Adam Voorhes, Circle Center Circumference, Coffee, James Joyce, Jorge Luis Borges, Knife, Mathematical Esoterica, Mike Ferrer, Nothing, Point, Quadrature of the Circle, Temporality, The Plot, Theatre, Ulysses
Scene: [An endlessly large room once belonging to to all the infinite possibilities but now cavernously empty save for Caesar who is curled up on the floor patting his knife wounds with smooth caresses.]
Time: [On the god mic, sotto voce] Are you ready to listen?
Caesar: What’s the point?
Time: You must stop looking at the point of everything. This particular version of you has no point. Or rather, you have many points. You are legion.
Caesar: Blah blah blah.
Time: You’re tired, you’re not taking it in. Maybe some solid food? I’m a stickler for solid food. Here. [A cup of coffee appears on the floor next to Caesar. It's over-roasted, must be Starbucks.] Now Caesar, honey, you do know that history is a tale like any other too often heard. But darling, your history, your place in Roman history, is only one manifestation of infinite possibilities. You have ousted all the others and now here we are, at a standstill until you can accept it. You are at a crucial point.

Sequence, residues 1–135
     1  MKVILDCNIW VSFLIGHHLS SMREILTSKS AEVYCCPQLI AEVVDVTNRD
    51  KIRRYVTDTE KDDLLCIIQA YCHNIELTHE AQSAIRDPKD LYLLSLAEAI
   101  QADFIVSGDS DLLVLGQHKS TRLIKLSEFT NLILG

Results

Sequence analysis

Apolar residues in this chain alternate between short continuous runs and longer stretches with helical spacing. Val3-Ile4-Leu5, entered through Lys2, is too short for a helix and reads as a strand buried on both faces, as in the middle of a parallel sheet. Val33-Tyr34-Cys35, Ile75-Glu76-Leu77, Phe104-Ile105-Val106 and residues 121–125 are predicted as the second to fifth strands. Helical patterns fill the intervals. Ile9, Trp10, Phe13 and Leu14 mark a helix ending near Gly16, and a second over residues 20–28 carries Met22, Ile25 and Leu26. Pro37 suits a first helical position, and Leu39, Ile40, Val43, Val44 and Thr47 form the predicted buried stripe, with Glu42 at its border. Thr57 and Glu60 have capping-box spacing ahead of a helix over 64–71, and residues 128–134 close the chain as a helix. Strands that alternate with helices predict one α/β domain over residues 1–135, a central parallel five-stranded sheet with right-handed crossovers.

Caesar: But if I have other selves, some which did not die, then they are not to be thought away.
Time: They are, but not by you. You occupy a non-dimensional point, the stilled eternity. Move to become a line, then a plane, then a tetrahedron and you’ll gain some perspective. Trust me on this one. Your other selves did.
Caesar: I refuse to accept other selves.
Time: They are the possibilities you have ousted. You did that. Get used to it. You think you can square the circle lying there in a puddle of yourself? Stand up, man, form a line. Until then you are both center and circumference. Unless you straighten up beyond this particular singularity, that thing you call “self” to which you stubbornly cling, sweetie love, you will understand nothing, and only nothing.
Caesar: Leave me alone
Time: The point is always alone.